- Strengthen US leadership in semiconductors. The CHIPS and Science Act provides 52.7 billion dollars for America’s semiconductor research, development, manufacturing and workforce development. This includes 39 billion dollars in stimulating production, including 2 billion dollars for outdated microcircuits used in cars and security systems, 13.2 billion dollars in research and development and workforce development, as well as 500 USD million ensure the security of international information communication technologies and semiconductor supply chain operations. It also provides a 25 percent investment tax credit for capital expenditures on semiconductor manufacturing and related equipment. These incentives will ensure domestic supply, create tens of thousands of high-paying union construction jobs and thousands more high-skilled industrial jobs, and stimulate hundreds of billions more in private investment.
The bill requires recipients to demonstrate significant investment in workers and the community, including opportunities for small businesses and disadvantaged communities, providing semiconductor incentives that support equitable economic growth and development.
The funds also come with strong hedges that ensure recipients don’t build certain facilities in China and other countries that raise concerns, and prevent companies from using taxpayer funds to buy back shares and pay shareholders dividends. It would also support high-paying union construction jobs by demanding prevailing Davis-Bacon wage rates for facilities built with CHIPS funds.
- Foster US innovation in wireless supply chains. The CHIPS and Science Act includes 1.5 billion dollars to promote and deploy wireless technologies that use open and interoperable radio access networks. These investments will enhance US leadership in wireless technologies and their supply chains.
- Previous world leadership of the United States in the technologies of the future. America’s leadership in emerging technologies—from artificial intelligence to biotechnology and computing—is critical to both our future economic competitiveness and our national security. Public investment in research and development lays the foundation for future breakthroughs that will eventually create new businesses, new jobs and increased exports.
The CHIPS and Science Act would create a Directorate for Technology, Innovation, and Partnerships at the National Science Foundation (NSF) to focus on areas such as semiconductors and advanced computing, advanced communications, advanced energy, quantum information, and biotechnology. This will enhance the commercialization of research and technology, ensuring that what is invented in America is made in America. The Act also reauthorizes and expands basic and targeted research at the Department of Energy’s Office of Science and the National Institute of Standards and Technology to support U.S. leadership in science and engineering as the engine of American innovation.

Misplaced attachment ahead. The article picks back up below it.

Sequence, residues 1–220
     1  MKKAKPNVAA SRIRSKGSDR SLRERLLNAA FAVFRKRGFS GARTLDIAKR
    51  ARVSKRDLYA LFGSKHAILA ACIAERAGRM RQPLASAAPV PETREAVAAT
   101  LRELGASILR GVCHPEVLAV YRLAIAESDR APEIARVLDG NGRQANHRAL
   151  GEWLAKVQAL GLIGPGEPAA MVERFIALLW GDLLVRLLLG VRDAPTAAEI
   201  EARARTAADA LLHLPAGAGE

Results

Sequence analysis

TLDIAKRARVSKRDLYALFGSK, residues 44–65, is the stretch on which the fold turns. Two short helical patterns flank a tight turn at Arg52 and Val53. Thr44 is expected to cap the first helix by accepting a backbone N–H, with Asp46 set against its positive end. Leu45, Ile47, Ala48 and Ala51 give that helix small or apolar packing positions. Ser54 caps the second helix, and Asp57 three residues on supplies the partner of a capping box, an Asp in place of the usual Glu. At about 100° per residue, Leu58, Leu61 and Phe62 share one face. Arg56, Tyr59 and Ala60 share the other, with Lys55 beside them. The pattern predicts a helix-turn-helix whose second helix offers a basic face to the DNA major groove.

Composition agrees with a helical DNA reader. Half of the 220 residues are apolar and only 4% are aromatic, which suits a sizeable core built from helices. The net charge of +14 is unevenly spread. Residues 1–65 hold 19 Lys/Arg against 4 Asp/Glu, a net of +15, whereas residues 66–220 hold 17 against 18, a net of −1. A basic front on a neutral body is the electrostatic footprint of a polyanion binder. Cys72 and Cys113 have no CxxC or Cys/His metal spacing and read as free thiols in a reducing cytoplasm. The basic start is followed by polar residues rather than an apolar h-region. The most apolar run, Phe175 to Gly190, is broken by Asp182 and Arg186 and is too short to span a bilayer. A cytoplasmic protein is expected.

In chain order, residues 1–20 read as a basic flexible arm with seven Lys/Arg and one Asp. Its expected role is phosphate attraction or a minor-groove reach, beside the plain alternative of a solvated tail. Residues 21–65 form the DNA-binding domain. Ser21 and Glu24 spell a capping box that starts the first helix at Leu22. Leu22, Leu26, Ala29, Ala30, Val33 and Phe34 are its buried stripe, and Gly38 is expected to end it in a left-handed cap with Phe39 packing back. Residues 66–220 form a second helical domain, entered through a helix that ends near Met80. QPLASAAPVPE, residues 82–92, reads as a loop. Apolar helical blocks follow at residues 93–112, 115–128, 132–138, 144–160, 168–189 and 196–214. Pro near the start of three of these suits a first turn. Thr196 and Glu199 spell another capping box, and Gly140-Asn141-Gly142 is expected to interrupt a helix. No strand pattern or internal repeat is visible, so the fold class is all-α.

- Catalyze regional economic growth and development. The CHIPS and Science Act allows $10 billion to be invested in regional innovation and technology hubs across the country, bringing together state and local governments, higher education institutions, unions, businesses and community organizations to create regional partnerships for technology development, innovation and production sectors.
These centers will create jobs, spur regional economic development and position communities across the country to become leaders in high-wage, high-growth sectors such as artificial intelligence, advanced manufacturing and clean energy technologies. It also authorizes a $1 billion RECOMPETE pilot program at the U.S. Department of Commerce’s Economic Development Administration (EDA) to alleviate persistent economic hardship and support long-term, integrated economic development and job creation in the hardest-hit communities.
- Provide STEM opportunities for more Americans to enter high-paying, skilled jobs. Science, technology, engineering, and mathematics (STEM) education and workforce development are critical to developing the skills needed for high-skilled jobs in emerging industries built on the technologies of the future. To ensure more people from all backgrounds and from all regions and communities across the country, especially people from marginalized, underserved, and under-resourced communities, can benefit from and participate in STEM education and training, the CHIPS and Science Act allows new and increased investment in STEM education and training from K-12 to community college, undergraduate and graduate.
- Create opportunity and equity for all of America in STEM and innovation. The legislation authorizes investments to expand the geographic and institutional diversity of research institutions and the students and researchers they serve, including new initiatives to support historically black colleges and universities (HBCUs) and other minority-serving institutions, as well as other academic institutions that provide opportunities historically underserved students and communities, primarily through the National Science Foundation (NSF). The CHIPS and Science Act also expands the geographic diversity of research and innovation funding to attract talent and ideas across America. The legislation also gives agencies and institutions tasks and tools to combat sexual and gender-based harassment in science, a clear barrier to participation in STEM for many Americans. Through these investments and initiatives, the bill will support students, faculty, and researchers at minority-serving and emerging research institutions, as well as in rural communities, and expand the participation of people of diverse backgrounds and experiences, helping to build the STEM ecosystem. it looks that way and benefits all of America.